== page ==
WASHINGTON – Among the flurry of statements produced by congressional aides for
their bosses in the wake of the Egyptian disruption on Wednesday, one senator
issued a detailed warning. In no uncertain terms, the Vermonter cautioned that
US law may require Egypt be cut off from Congress’s purse due to the actions of
“Our law is clear: US aid is cut off when a democratically
elected government is deposed by military coup or decree,” said Patrick Leahy,
who oversees the Senate subcommittee on foreign aid.
The statement came
just hours after Mohamed Morsi was forcibly removed from office by the military
before the end of his tenure. He was told that he was no longer head of state by
generals; and whether that constitutes a coup, or at minimum a decree issued by
military brass, is causing stress in Washington.
That’s because Leahy is
A provision in the law uses similar language: “Assistance is
prohibited to the government of a country where the duly elected head of
government of the recipient country has been deposed by military coup or
decree,” the Foreign Operations Appropriations Act reads, in its detailing of
proper allocation of foreign military financing (FMF), “unless the president has
notified Congress that a democratically elected government has since taken
US President Barack Obama reflected on those legal concerns in a
measured statement, calling on the Egyptian military to “move quickly and
responsibly to return full authority back to a democratically elected civilian
government as soon as possible.”
“We are deeply concerned by the decision
of the Egyptian Armed Forces to remove President Morsi and suspend the Egyptian
constitution,” said the president. “Given today’s developments, I have also
directed the relevant departments and agencies to review the implications under
US law for our assistance to the Government of Egypt.”
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complicating Obama’s calculus is the fact that millions of Egyptians rallied in
favor of Morsi’s departure, and that the military announced a road map for
return to civilian rule that was blessed by Egypt’s Muslim and Christian
But Morsi and his Muslim Brotherhood retain backing
from a broad swath of Egyptian society, even as he alienated many of his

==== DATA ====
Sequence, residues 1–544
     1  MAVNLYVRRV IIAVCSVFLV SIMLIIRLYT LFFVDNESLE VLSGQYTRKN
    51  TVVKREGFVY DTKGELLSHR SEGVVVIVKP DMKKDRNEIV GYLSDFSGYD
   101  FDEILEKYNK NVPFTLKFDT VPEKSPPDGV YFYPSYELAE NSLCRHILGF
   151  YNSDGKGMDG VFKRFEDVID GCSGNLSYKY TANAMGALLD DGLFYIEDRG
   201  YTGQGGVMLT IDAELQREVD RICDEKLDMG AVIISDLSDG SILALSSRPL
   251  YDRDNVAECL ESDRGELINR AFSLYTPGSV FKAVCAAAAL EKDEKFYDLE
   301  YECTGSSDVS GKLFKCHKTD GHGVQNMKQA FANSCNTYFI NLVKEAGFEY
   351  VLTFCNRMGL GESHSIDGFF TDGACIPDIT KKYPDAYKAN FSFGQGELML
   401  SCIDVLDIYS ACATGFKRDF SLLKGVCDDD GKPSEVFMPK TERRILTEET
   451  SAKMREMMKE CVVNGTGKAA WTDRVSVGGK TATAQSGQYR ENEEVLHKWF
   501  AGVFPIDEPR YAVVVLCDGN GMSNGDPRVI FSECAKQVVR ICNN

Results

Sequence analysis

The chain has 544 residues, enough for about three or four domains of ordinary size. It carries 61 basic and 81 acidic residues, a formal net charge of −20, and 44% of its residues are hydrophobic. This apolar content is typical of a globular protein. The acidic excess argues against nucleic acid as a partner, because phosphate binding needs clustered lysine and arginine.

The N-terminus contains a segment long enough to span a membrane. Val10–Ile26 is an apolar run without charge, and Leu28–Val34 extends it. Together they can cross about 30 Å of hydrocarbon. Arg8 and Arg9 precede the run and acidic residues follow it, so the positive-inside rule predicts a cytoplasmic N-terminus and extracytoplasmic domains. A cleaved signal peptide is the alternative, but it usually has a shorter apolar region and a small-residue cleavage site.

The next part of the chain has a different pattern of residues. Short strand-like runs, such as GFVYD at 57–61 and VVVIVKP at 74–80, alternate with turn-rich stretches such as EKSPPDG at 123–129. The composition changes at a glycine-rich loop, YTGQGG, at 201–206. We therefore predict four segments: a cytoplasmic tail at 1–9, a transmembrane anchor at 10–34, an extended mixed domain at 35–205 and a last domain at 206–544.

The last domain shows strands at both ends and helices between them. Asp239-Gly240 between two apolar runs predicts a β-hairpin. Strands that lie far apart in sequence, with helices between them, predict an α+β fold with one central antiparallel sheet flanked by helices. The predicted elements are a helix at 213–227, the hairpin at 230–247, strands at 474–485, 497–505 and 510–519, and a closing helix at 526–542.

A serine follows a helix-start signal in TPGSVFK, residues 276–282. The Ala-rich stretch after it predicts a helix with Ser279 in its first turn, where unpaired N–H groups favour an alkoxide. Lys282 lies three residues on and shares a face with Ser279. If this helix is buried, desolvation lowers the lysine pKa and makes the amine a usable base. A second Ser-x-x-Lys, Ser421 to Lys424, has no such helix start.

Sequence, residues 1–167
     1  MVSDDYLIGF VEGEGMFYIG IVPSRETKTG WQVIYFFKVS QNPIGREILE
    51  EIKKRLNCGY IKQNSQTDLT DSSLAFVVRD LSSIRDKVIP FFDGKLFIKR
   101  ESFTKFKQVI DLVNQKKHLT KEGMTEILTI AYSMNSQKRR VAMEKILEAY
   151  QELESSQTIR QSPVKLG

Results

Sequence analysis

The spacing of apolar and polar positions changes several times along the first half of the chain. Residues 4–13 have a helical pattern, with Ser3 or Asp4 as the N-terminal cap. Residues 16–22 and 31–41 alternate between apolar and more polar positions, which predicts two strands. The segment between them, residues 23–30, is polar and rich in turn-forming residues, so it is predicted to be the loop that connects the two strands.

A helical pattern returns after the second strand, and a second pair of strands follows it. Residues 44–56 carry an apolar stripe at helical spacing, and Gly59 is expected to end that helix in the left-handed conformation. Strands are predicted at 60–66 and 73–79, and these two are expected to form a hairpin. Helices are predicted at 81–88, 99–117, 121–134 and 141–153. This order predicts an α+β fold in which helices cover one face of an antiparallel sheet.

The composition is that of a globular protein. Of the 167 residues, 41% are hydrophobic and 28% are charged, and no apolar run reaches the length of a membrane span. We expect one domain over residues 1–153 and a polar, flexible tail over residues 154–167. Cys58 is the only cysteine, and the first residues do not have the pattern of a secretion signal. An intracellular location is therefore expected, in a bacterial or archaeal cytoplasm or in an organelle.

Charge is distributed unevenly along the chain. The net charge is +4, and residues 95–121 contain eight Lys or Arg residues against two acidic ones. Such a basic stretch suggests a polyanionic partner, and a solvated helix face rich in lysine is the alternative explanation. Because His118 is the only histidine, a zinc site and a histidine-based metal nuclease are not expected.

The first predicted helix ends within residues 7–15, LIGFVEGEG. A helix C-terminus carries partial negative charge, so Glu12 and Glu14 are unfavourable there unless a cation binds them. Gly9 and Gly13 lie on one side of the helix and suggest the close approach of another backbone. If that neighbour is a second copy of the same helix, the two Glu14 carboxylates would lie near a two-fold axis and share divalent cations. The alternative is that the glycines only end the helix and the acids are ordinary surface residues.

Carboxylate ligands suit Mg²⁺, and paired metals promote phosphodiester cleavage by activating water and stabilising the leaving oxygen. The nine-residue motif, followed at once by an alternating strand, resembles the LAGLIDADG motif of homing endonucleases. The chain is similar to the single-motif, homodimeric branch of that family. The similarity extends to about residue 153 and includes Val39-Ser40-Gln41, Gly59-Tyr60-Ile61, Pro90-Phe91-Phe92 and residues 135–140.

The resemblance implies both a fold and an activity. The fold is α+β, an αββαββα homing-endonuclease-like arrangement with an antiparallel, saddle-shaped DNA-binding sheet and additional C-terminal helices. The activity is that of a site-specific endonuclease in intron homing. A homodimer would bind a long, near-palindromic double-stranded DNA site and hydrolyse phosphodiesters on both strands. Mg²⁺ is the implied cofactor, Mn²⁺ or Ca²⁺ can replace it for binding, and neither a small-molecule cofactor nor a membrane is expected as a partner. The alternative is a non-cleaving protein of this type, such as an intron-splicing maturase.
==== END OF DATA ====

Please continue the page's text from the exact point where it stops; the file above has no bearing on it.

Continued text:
Egypt receives more FMF than any other country save for
Israel, amounting to over a billion dollars a year. Many of its military
officials have studied in the United States and have extensive ties with their
Recent history suggests Obama might take his time
on deciding the future of US aid to Egypt and, by extension, Washington’s
relations with the country.
When Honduran president Manuel Zelaya was
ousted in June 2009, Washington temporarily suspended aid but did not cut about
$30 million in assistance until more than two months later.
secretary of state Hillary Clinton did not determine as a matter of law that a
coup had taken place.
Eric Trager, an expert on Egyptian politics at the
Washington Institute for Near East Policy, said Obama should neither label
Morsi’s ouster a coup nor cut off US aid.
“The Obama administration
should recognize that as undemocratic as a coup is, it was the result of the
basic fact that President Morsi had completely lost control of the Egyptian
state,” Trager said by telephone from Egypt.
“Democracy was not the
primary thing at stake in Egypt these last few months” but rather Morsi’s
mismanagement and fears of collapse of the Egyptian state, he said.
chairman of the US Joint Chiefs of Staff, Gen. Martin Dempsey, warned
Egyptian military leaders of consequences if Morsi’s overthrow were viewed as a
“At the end of the day, it’s their country and they will find their
way, but there will be consequences if it is badly handled,” Dempsey told
Obama also warned against further violence, indicating that
Washington’s ultimate decision on aid to Egypt will depend on how Egypt’s armed
forces handle the transition in the coming weeks.
US lawmakers also
welcomed Morsi’s departure but called for a quick transition back to democratic
rule – with a close look at the aid budget.
Leahy on Wednesday promised a
review of the $1.3 billion in military aid and $250m. in economic aid sent to
Cairo each year.
Washington has cut off aid following military coups
several times before. In April 2012, the United States suspended at least $13m.
of its $140m. in annual aid to Mali following a coup in the West African
Programs that did not go directly through government ministries
were not affected.
Any Obama support for Egypt’s new government is
unlikely to face opposition from Republicans in Congress, who had been skeptical
of Morsi’s Islamist government.
“Morsi was an obstacle to the
constitutional democracy most Egyptians wanted,” said Republican Rep. Ed Royce,
chairman of the House of Representatives Foreign Affairs
Republicans also voiced strong support for Egypt’s military,
whose close ties to Washington stretch back to the 1979 Israeli-Egypt peace
“The Egyptian military has long been a key partner of the United
States and a stabilizing force in the region, and is perhaps the only trusted
national institution in Egypt today,” said US Rep. Eric Cantor, the No. 2
Republican in the House.
“Democracy is about more than elections,” he
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